UPD ready in case of mass shooter scenario

Runner Staff


CSUB’s flags flew at half mast to honor the 58 victims of the Las Vegas shooting.
Photo by Jarad Mann/ The Runner


  The mass shooting in Las Vegas has students at CSU Bakersfield reconsidering attending venues with large crowds.

  Cashmere Toney, a liberal studies freshman, said that it’s not worth going to large events.

  “I’ve never been one to go to large events, but I still feel a bit upset at the large amounts of senseless violence in Las Vegas. I wouldn’t want to go,” said Toney.

  Chief of University Police Marty Williamson said before events take place on campus, they work on a plan for the safety and security of the people attending the event.

  “I would rather have someone say we are too strict than have tragedy occur on campus,” said Williamson.

  Williamson explained that before it was even confirmed whether Milo Yiannopoulos was coming to CSUB, UPD was working on a security plan for the event.
Williamson said that making plans for the event security is very labor intensive and consists of a lot of different layers.

  Last semester, CSUB had several sellout crowds for basketball. Security was enhanced to provide safety for the large crowds, said Williamson.
CSUB Director of Facilities and Operations, Matt Sanger said that the events in Las Vegas have not affected games at CSUB.

  “We haven’t made any changes [to games]. It doesn’t matter how many people come to a game. Security is still important,” he said.

  Sanger said that he sits through three hour meetings going over safety. Last week at the meetings with other CSUB departments, they discussed emergency events.

  Currently, UPD is focused on providing security for the upcoming Dance Marathon.

  For this event, they consider events like the Boston Marathon and what safety precautions can be taken so as to not have a repeat at CSUB.

  “Do I expect anything to happen? No, but we will still have safety as a priority,” said Williamson.

  There are precautions that people should take if they decide to attend a large event of any kind. Sergeant Ryan Kroeker, public information officer for the Bakersfield Police Department said that people need to have a game plan of what actions they are going to take if something happens.

  Kroeker said it’s important to be aware of your surroundings and to make note of where the exits are and how far away they are.

  “Have a plan when you walk into a building in advance,” said Kroeker.

  Williamson agreed with Kroeker’s statement. Students should familiarize themselves with the surroundings, listen to securities instructions, know the exits and where to take cover.

  If a shooting starts, it is important to stay as calm as possible, and make note of as many details of the shooter and the scene as possible. Every accurate detail that the 911 dispatcher has is important for the responding officers to know.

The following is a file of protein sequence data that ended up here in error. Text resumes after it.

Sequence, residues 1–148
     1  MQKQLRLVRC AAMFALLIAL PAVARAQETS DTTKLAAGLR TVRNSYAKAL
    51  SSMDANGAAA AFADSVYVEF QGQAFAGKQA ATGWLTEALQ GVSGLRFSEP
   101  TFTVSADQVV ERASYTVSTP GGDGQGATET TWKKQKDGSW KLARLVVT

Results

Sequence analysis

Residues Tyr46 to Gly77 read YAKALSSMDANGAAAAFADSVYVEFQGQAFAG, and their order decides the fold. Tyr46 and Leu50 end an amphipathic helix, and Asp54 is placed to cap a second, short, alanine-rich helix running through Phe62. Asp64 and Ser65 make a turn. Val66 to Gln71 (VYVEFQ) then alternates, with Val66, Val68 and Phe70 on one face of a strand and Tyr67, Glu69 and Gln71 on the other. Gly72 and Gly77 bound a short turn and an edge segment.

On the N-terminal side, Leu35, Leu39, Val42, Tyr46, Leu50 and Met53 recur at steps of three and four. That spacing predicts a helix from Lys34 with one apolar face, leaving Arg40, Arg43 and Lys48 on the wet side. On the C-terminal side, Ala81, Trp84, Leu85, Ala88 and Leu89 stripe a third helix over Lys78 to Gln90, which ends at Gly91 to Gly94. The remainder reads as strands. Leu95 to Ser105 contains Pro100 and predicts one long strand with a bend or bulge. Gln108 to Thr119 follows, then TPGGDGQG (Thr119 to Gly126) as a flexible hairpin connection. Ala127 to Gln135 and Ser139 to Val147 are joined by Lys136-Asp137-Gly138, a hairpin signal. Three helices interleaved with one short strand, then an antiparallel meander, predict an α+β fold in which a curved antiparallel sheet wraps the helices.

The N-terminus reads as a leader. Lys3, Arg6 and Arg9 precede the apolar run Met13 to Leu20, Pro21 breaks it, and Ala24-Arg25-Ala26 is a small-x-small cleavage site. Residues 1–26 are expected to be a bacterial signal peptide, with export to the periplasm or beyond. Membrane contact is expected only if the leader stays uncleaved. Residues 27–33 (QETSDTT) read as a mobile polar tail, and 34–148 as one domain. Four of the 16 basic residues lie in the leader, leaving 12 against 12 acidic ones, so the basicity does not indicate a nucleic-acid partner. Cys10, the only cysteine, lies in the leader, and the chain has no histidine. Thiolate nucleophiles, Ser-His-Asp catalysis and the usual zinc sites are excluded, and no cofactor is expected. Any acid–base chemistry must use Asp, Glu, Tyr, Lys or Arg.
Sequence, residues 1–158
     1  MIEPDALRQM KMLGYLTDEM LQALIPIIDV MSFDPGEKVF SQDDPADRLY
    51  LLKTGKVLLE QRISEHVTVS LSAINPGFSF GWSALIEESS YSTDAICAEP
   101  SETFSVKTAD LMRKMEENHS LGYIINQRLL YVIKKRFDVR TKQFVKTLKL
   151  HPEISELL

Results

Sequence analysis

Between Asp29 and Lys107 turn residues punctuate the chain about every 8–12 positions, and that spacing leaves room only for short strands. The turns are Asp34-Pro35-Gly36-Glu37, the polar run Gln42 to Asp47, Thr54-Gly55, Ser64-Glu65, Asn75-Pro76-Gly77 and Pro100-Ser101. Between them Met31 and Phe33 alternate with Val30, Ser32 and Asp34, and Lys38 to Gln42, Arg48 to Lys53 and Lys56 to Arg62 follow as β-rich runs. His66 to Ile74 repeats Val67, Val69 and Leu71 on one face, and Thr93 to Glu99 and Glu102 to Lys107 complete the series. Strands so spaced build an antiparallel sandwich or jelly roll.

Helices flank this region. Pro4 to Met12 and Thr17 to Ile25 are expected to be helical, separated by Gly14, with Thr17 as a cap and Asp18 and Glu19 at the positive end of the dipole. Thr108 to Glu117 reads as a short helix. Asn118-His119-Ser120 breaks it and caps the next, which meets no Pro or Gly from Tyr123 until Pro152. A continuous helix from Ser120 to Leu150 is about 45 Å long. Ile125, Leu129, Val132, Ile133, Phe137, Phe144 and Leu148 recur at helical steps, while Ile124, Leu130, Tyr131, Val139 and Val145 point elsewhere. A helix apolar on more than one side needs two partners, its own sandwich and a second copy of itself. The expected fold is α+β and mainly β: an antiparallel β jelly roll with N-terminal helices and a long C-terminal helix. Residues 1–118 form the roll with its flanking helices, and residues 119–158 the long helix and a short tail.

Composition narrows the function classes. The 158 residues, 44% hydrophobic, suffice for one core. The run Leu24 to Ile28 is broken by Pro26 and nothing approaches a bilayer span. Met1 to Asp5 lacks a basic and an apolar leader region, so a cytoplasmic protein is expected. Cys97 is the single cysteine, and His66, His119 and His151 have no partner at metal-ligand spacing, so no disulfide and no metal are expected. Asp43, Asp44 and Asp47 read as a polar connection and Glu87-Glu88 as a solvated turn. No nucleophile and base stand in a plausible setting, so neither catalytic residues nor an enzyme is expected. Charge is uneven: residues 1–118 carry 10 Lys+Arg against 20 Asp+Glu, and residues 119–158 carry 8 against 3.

“T-shirt, what kind of clothing the suspects are wearing, what nationality they are, ethnicity, if they have any types of weapons, where they are currently at in the building,” said Kroeker.

  It’s important to understand that most people, when faced with a life threatening situation, don’t act rationally. Kroeker said it gets chaotic, and when the police first show up, it can be even more chaotic.

  “Officers are going to be yelling. They are going to be telling them to move, knowing that they are going to get into a life threatening situation, especially the first responding officers,” said Kroeker.
The officers who respond first in an active shooter situation are running towards the shooting. The officers are putting their lives on the line to protect people they have never met.

  “The officer’s safety is not paramount. At that point in time, pretty much officers are going in with the mindset that ‘there’s a high likelihood that I’m going to be shot,’” said Kroeker.

  Business management and philosophy junior Devin Salcedo, said even though there’s a part of him that’s concerned, he won’t be curtailing his lifestyle because of any mass shootings.
“If there was a large event here on campus, I don’t think that that would be a deterrent for me. If it was something I wanted to go (to), I would still go,” he said.

  Kroeker said that the police department practices active shooter situations around town, often coordinating those practices with other law enforcement agencies, as well as the fire department. They have even practiced at CSUB before with UPD.

  UPD is responsible for the security of all events that occur on campus.
The goal for campus security is for visitors to come to campus to have a fun and safe time and look forward to coming back.

  Sanger said safety would change on campus.

  “As we grow as a university, there will be change,” he said.

  “I think we are very much advanced in this city as to how we approach the potential of an active shooter here. As a citizen, I would be very confident in the police’s ability to protect them during an active shooter,” said Kroeker.